The current issue of McSweeney's includes a short story by Michael Cera, whose contributor's bio informs us that he was "born in Brampton, Ontario and now lives in Los Angeles," and, inevitably, that "This is his first published story." Yes, this becomingly modest debut author is that Michael Cera, co-star of Arrested Development and Superbad and avatar of skinny-geek chic (for which at least one Millions contributor owes him a debt of gratitude). For those keeping score at home, this makes Cera at least the fourth movie star in the last two years to turn his talents to the only marginally less glamorous and remunerative field of short fiction. (Others include Miranda July, James Franco, and Sharon Stone.)The forthcoming 106th issue of Granta suggests that even the World's Most Serious Literary Magazine is not immune to the trend. Through our vast network of informants, we've obtained page proofs, and the "Contributors' Notes" include one or two names you may recognize, behind their veneer of careful self-effacement:M. Louise Ciccone is a media professional who divides time between the New York Kabbalah Center and the Miami Kabbalah Center. This is her first published story.Washington-based R.I. Emmanuel spends weekends in Chicago with his wife and beloved children. He promised to shove Granta's head so far up Granta's f*&^ing a^% we'd be able to see our &^%[email protected] if we didn't get his first published story published.Julius Erving, a retired physician, lives in the metro Philadelphia area. This is his first published story.Phillipa Longstocking is one of world literature's most beloved characters. For more information, you may contact the Wylie Agency.P.R. Nelson is a Minneapolis-based composer and erotic acoustician. His work has appeared widely, under a variety of names. His 4thcoming memoir, All of My Purple Life will B published by Farrar, Straus and Giroux this fall.Joaquin Phoenix, an obscure itinerant musician, scribbled this, his first published story, on the back of a New Jersey Turnpike exit ticket.Julia Roberts is Julia Roberts.Borat Sagdiyev is making the literature sexy sexy for much enjoyment of Kazakh people. His story "My Goat, She is Not Breathing" (translated here by Richard Pevear and Larissa Volokhonsky) appeared in The Atlantic Monthly, and was selected for Best Central Asian Short Stories 2007.Schmary Schmate and Schmashley Schmolsen, whose first published story this is, are sometime undergraduates in NYU's make-your-own major program. They are majoring in Undeclared, and also this is their first published story, because what, do you think they have time to be writing stories all the time, or something?The late Dave Thomas (1932-2002) was the founder of Wendy's and creator of the internationally acclaimed Chicken Cordon Bleu. This is his final published story. The Chicken Cordon Bleu is back for a limited time.All your base are belong to Carnie Wilson.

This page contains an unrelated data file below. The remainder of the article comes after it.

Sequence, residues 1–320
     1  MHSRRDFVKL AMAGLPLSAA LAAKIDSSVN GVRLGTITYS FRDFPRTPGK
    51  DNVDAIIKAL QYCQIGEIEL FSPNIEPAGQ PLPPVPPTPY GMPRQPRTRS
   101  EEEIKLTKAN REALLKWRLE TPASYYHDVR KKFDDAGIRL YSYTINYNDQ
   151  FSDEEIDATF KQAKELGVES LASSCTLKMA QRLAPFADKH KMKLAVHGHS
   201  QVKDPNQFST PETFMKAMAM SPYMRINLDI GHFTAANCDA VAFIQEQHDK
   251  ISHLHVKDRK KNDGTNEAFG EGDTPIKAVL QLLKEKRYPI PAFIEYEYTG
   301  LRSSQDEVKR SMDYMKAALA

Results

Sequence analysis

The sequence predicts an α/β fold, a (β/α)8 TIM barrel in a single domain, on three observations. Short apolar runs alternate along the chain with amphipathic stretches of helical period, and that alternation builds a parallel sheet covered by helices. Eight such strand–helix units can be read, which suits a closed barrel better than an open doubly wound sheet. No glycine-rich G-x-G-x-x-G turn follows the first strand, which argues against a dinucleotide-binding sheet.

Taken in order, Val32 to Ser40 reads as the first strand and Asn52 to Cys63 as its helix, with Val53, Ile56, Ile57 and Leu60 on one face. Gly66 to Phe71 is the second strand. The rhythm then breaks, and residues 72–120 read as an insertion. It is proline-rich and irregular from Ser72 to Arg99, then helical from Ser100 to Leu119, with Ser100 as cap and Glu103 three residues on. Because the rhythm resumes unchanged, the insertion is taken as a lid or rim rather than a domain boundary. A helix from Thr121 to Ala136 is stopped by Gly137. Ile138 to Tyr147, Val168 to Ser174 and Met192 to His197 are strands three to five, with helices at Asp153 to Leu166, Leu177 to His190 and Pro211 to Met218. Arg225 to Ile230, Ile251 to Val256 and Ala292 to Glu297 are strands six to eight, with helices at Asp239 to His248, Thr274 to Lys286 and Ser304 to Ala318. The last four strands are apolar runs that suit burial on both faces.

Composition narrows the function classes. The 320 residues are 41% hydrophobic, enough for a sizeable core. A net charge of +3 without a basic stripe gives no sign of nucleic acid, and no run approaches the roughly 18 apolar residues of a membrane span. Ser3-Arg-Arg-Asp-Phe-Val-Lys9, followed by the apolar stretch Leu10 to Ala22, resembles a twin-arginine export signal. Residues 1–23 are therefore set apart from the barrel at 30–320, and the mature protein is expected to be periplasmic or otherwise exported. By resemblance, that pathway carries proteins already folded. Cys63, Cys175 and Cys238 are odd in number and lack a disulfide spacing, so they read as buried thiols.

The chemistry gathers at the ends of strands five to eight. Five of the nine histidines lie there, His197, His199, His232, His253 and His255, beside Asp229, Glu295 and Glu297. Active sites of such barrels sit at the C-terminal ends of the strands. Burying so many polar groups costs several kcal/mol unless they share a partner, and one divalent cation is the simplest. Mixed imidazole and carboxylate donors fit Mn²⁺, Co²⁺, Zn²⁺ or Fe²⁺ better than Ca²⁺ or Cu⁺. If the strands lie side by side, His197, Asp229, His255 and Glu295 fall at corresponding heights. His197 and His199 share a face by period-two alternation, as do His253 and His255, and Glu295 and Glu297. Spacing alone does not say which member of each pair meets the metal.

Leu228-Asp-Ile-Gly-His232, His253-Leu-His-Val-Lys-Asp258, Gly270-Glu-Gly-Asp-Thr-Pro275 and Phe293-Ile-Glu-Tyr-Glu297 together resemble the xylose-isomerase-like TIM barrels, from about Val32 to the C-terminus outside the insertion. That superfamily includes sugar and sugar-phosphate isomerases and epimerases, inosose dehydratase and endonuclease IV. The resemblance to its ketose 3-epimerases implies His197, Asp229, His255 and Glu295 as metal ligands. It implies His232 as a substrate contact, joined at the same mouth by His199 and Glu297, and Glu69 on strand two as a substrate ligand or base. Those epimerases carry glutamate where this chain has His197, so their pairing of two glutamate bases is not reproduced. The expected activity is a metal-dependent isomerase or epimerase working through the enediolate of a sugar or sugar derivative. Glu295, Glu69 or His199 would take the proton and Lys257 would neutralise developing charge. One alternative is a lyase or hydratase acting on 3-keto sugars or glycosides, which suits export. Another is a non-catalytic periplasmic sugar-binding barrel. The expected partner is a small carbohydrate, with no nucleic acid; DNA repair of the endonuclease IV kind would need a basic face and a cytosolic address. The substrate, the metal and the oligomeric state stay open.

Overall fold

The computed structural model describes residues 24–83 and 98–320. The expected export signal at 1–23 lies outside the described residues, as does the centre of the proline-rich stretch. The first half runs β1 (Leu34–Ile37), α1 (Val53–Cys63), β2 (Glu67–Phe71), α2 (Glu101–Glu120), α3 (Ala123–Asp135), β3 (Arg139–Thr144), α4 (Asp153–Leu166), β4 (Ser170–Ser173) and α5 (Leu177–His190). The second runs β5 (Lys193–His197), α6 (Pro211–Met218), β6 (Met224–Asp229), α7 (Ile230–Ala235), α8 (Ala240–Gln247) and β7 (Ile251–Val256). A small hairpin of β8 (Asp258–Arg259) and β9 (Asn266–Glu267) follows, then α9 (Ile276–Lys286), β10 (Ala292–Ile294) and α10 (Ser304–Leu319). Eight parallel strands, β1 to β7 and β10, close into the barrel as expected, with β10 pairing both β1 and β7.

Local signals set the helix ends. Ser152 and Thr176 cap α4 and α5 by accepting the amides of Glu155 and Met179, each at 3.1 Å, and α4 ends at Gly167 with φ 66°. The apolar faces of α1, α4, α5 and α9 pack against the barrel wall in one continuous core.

Mark your calendars. As promised (many months ago) Kate Atkinson, author of the inaugural Litblog Co-op selection, Case Histories, will be stopping by the LBC blog to discuss the book with readers. If you got a chance to read the book - or if you just want to see what all the fuss is about - be sure to visit the blog on Monday, August 29th.